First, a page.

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In world news: Flooding in Louisiana

After flooding devastated southeastern Louisiana last week in a disaster the Red Cross called “the worst to hit the United States since Superstorm Sandy,” communities are beginning a long road to recovery in which churches — both in Louisiana and around the country — serve an important role.
The floods, described by Louisiana Gov. John Bel Edwards as “unprecedented,” have taken 13 lives and damaged around 60,000 homes, prompting 106,000 people to sign up for federal disaster aid according to Louisiana officials. Junior Lauren Norton, who lives in Shreveport, La., told The Record that even though she lives four hours north of Baton Rouge, her town experienced incessant rain for two weeks. Friends of Norton who live in Baton Rouge said that the flooding happened so suddenly that some people did not even have time to retrieve their phones.
Dr. Andrew Yarborough, a clinical psychologist in Baton Rouge, La., told a colleague that residents were rescued from “rooftops, trees, just about everywhere.” He said “People have lost everything. There is devastation all around and people are hurting.”
Ward Davis, associate professor of psychology at Wheaton College and faculty fellow with the Humanitarian Disaster Institute, told The Record that immediate relief efforts focus on providing food and shelter. “Reestablishing a living space, especially for poor families who do not have flood insurance, will be difficult,” he said.
Currently, Louisiana churches serve critical functions within their communities by acting as resource centers for food, water and equipment. Some are working with organizations like the Red Cross to create temporary shelters.
Yarborough — a close personal friend of Davis — previously served as executive pastor at Bethany Church in Baton Rouge. Bethany has already created large-scale relief networks, organizing their efforts online so that people can share their needs, sign up to volunteer and work with organizations on the ground. The church, which spans five campuses including two that were flooded, has mobilized more than 6,000 volunteers. As of Sunday, Aug. 21, they had distributed 60,000 meals and 20,000 supply boxes.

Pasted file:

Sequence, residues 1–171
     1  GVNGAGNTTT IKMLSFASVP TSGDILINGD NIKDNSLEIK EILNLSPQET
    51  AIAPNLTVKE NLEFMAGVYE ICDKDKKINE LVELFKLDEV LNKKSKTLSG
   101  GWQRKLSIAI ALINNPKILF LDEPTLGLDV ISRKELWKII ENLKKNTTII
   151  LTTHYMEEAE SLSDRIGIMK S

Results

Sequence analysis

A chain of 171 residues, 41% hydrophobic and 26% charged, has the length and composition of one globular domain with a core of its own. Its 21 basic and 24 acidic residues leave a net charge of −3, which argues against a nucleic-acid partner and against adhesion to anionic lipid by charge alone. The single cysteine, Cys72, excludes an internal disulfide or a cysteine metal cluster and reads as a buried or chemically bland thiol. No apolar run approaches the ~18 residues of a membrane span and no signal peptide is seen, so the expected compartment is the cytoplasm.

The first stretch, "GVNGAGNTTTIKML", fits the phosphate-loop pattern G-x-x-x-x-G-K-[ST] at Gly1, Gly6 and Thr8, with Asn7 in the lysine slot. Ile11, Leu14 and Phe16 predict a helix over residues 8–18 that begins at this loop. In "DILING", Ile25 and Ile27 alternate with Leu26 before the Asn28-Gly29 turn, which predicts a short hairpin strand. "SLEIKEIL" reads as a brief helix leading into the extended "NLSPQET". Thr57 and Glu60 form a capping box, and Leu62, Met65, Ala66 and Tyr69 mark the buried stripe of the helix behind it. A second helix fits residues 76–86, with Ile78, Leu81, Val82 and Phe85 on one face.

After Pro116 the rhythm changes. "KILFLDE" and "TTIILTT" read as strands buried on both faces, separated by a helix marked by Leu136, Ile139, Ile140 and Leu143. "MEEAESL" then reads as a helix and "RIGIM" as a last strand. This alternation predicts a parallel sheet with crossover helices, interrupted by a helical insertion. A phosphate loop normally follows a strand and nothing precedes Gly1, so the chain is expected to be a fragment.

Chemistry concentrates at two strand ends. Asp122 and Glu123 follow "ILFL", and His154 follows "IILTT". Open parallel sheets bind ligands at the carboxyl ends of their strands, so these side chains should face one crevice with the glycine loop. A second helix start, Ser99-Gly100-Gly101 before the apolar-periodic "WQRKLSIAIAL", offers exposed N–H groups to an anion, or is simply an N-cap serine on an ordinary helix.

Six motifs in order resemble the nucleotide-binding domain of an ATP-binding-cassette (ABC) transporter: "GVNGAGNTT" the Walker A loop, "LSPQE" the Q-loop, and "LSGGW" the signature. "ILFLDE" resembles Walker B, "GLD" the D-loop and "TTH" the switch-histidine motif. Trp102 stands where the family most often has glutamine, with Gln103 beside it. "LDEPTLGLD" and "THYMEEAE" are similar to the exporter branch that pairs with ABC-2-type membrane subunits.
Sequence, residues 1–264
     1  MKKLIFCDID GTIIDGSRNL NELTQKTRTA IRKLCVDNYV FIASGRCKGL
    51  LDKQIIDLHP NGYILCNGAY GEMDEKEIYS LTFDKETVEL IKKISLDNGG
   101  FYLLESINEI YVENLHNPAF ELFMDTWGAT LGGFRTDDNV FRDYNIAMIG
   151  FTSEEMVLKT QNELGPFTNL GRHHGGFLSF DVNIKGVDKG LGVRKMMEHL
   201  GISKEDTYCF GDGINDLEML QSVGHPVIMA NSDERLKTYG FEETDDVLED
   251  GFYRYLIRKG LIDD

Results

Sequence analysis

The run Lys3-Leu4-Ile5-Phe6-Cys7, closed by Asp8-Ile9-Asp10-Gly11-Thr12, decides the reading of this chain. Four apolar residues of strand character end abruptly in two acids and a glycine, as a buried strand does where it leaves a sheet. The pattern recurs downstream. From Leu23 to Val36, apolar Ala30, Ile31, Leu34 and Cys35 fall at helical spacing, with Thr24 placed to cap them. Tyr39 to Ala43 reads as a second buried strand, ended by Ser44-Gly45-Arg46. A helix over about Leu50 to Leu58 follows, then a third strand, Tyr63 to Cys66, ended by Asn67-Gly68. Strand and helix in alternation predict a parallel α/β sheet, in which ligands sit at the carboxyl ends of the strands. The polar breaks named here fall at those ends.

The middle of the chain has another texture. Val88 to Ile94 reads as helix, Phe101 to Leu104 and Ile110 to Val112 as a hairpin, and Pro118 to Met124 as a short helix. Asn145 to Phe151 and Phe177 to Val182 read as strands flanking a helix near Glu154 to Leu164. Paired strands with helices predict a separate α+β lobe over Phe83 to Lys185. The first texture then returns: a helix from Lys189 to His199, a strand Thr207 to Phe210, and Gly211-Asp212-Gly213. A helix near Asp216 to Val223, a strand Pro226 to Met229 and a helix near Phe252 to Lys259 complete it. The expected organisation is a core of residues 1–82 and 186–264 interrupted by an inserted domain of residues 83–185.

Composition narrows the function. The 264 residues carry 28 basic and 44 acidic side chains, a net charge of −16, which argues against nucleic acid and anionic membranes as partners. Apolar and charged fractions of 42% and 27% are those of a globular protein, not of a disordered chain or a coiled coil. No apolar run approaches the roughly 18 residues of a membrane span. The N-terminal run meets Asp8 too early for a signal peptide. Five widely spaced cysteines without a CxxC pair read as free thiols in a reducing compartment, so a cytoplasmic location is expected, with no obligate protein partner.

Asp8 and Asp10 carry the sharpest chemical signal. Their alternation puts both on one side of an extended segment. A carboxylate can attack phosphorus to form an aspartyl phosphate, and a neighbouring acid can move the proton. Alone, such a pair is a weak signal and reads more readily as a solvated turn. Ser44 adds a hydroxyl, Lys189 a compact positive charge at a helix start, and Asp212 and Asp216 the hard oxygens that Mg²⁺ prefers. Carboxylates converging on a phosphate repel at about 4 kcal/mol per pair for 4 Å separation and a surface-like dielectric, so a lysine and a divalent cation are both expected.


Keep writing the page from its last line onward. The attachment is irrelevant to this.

Providing relief also requires responding to emotional and spiritual needs. Stress, depression and anxiety are common emotional effects of natural disasters according to Jamie Aten, founder and co-director of HDI and Associate Professor of Psychology at Wheaton College. Examples of spiritual effects include doubting God or one’s faith in the midst of tremendous loss.
Many will need psychological resources like mental health care, spiritual resources and pastoral counseling. In an article published online at Psychology Today, Aten offered practical advice about how to identify needs, ask questions and locate services for Louisiana flood victims.
When disasters happen, it often creates a lot of emotional distress and spiritual struggles that people go through,” Aten told The Record. “By our deeds and our response to disasters we can show God’s grace and mercy to those who need it most.”
HDI will put that mission into action mid-September, when Wheaton clinical psychology doctoral students and staff led by Aten and Davis will deploy to Louisiana as part of a John Templeton Foundation grant. During their week-long stay, they will conduct research and set up studies in order to gain a better understanding of how natural disasters shape people spiritually and psychologically long-term. They also hope to organize disaster spiritual and emotional care training. Ward said that these efforts are central to Wheaton’s Psychology Department, which is “dedicated to serving the underserved, marginalized and the church.”
HDI’s associate researcher, Jenn Ranter, arrived in Baton Rouge on Monday to gauge how and where the team can provide services. She will be establishing partnerships with leaders in the church, community and disaster relief organizations while providing HDI with an on-the-ground perspective.
All Wheaton students have opportunities to help Louisiana through relief efforts. First, Aten said, Wheaton students should find out the needs of any connections or loved ones they know in Louisiana. Giving financial donations to relief organizations is one of the best ways to help because it allows resources to be used more effectively and gives workers flexibility to rapidly respond to the needs as they are presented. He also urged students not to overlook the impact of praying for Louisiana.
“Responding to disasters is an important ministry of the church,” Aten said. He suggested that students bring awareness to their congregations about the flooding and raise funds to support Louisiana communities both now and over the coming months. Outsiders often underestimate the the amount of time it will take an area to recover, so churches should remember to “walk with them in the long term.”
“By working together,” Aten said, “we can respond as the whole body of Christ.”

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